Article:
National Lampoon's Adam & Eve
2005, R, 91 min. Directed by Jeff Kanew. Starring Cameron Douglas, Emmanuelle Chriqui, Brianna Brown, Terri Garber, Alan Havey, Courtney Peldon, Lisa Wilhoit.
REVIEWED By Marc Savlov, Fri., Nov. 4, 2005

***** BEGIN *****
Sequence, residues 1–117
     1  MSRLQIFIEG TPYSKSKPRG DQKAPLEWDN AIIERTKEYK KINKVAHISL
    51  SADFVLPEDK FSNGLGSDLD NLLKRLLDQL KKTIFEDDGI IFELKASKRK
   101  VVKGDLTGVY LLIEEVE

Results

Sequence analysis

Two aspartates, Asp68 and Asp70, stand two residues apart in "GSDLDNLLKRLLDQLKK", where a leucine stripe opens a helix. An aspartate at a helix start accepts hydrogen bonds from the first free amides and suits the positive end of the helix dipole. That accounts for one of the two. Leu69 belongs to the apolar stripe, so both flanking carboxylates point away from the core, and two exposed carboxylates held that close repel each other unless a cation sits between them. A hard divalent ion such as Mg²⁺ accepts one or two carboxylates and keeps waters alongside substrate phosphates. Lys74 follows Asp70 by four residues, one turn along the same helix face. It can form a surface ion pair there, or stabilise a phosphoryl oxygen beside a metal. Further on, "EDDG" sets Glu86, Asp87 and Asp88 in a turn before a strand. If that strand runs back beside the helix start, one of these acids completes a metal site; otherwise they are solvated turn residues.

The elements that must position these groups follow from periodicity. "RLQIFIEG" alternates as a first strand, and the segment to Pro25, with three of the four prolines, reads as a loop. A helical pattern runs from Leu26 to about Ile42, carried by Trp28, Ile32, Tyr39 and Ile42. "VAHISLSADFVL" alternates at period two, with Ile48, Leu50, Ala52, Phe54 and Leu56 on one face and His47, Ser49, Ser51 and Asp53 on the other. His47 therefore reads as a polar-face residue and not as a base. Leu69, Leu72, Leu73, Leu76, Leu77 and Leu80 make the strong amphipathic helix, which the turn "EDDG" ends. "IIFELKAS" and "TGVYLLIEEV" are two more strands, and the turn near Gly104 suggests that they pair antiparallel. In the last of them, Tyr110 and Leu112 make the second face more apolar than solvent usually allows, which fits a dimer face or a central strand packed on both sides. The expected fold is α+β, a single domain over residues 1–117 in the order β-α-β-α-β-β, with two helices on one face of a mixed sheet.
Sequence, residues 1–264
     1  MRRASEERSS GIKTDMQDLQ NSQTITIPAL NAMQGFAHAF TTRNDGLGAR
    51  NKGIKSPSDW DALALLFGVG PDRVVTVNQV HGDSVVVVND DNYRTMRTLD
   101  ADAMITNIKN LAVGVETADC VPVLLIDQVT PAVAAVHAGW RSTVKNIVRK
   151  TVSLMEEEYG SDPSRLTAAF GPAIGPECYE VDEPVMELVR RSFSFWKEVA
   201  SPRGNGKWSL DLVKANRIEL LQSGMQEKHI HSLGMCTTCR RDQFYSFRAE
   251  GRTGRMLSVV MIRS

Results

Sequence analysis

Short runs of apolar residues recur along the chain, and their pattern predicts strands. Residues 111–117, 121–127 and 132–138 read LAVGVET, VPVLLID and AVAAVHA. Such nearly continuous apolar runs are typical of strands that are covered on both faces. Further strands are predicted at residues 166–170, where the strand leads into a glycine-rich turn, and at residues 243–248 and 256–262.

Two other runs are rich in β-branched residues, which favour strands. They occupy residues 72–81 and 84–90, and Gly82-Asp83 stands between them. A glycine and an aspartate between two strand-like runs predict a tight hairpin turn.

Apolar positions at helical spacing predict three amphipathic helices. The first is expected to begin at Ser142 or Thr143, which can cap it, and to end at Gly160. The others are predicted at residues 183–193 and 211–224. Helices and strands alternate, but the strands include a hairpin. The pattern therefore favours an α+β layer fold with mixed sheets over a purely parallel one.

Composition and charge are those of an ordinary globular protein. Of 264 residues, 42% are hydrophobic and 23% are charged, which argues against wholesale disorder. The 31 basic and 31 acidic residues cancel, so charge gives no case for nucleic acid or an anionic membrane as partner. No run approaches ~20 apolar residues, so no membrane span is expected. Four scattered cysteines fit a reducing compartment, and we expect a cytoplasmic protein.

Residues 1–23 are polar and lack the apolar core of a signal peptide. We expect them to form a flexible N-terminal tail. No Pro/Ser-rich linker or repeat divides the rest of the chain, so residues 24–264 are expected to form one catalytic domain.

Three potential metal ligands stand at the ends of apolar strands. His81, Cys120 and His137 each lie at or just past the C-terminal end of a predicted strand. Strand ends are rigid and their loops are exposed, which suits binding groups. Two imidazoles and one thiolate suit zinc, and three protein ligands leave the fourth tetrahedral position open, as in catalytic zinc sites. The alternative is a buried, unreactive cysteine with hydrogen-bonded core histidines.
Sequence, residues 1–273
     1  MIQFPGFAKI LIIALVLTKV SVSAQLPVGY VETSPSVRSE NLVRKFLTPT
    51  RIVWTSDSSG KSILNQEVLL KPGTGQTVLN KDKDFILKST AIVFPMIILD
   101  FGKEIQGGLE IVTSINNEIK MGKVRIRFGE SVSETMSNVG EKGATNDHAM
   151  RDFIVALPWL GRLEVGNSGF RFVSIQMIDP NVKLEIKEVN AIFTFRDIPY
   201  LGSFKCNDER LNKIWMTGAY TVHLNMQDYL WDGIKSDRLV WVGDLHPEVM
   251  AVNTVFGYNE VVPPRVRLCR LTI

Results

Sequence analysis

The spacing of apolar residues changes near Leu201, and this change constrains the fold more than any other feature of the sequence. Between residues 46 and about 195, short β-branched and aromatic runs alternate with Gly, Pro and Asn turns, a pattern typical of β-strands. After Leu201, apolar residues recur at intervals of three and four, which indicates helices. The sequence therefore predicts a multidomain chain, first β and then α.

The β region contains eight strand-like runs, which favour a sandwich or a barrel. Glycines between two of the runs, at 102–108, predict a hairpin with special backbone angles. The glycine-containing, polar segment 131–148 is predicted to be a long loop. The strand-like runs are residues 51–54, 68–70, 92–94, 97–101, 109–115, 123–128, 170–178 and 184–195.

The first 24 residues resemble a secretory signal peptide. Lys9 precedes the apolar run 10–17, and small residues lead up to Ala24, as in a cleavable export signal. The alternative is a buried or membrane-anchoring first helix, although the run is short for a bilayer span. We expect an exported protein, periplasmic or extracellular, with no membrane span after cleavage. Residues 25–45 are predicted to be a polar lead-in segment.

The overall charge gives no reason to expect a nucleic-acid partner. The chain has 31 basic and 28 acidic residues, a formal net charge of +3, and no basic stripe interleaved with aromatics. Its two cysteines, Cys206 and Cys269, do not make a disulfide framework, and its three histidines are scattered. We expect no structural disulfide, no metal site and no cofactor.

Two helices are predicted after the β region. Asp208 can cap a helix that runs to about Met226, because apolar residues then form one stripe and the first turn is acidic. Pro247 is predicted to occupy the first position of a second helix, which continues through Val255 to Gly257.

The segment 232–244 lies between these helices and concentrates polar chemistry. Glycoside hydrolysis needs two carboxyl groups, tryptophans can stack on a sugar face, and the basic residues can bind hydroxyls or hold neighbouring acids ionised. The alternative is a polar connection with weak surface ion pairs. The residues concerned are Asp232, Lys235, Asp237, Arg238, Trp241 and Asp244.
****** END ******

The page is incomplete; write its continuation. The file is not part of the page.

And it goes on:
It’s difficult to know what to make of the remnants of National Lampoon these days. If you’ve managed to sit through their quasi-franchised Van Wilders and increasingly desperate Vacations, it’s nothing short of depressing to look back on the magazine that spawned, lest we forget, not just slapdash sex farces but also the forever-resonant Animal House, the tasteless genius of cartoonist S. Gross, and Gahan Wilson’s unforgivably unremembered anti-Peanuts comic strip, Nuts. National Lampoon, the magazine, was akin to Mad magazine for the righteously peeved and overly educated. Chevy Chase, John Belushi, and Christopher Guest were all cast members of the Lampoon’s celebrated off-Broadway Woodstock-bashing Lemmings, exactly the sort of too-smart-alecky, Me-Generation-skewering chaos the country deserved as it nosedived from Nixon’s mad implosion to the fall of Saigon and beyond. The magazine was a cultural force to be reckoned with, for a little while, at least. No one who saw it will ever forget the cover of the January 1973 issue, which sported an endearingly horrific photo of a recalcitrant-looking pooch with a nickel-plated revolver jammed up against its head and the brash headline: "If You Don’t Buy This Magazine We’ll Kill This Dog." That National Lampoon of cutthroat canine abuse and take-no-prisoners societal bile is long dead, and what we’ve seen of late doesn’t bode well for any future return to form. So now here’s National Lampoon’s Adam & Eve, which, oddly enough, is not a bad film by half; it’s got more heart and soul than the past three NatLamp features combined. At the same time, it’s nothing that’ll make your dog play six feet under, or, for that matter, remind you of just how elemental a comic force Belushi’s Bluto Blutarsky was back in ’78. Still, it’s a surprisingly warm piece of collegiate humor with far more than the necessary share of hormonal smarts and about as many sex and toilet gags as you'd likely suspect. The fine Cameron Douglas, son of Michael, plays Adam, who falls hard for Chriqui’s virginal Eve, which raises the question: How many days of swollen gonads will a modern guy endure in the name of true love? As directed by Jeff Kanew (Revenge of the Nerds), Adam & Eve surprises with its alternately profane and touching storyline. When Eve confides to her slutty sorority sisters that she "wants a love so permanent and exclusive between a man and a woman that it motivates me to keep my panties on even in the most tempting situations," the fastball hurled back her way is, "Who wrote that? Your mother?" Nope: Justin Kanew, son of director Jeff. Sweet and offensive; it’s enough to make Michael O’Donoghue grin in his grave.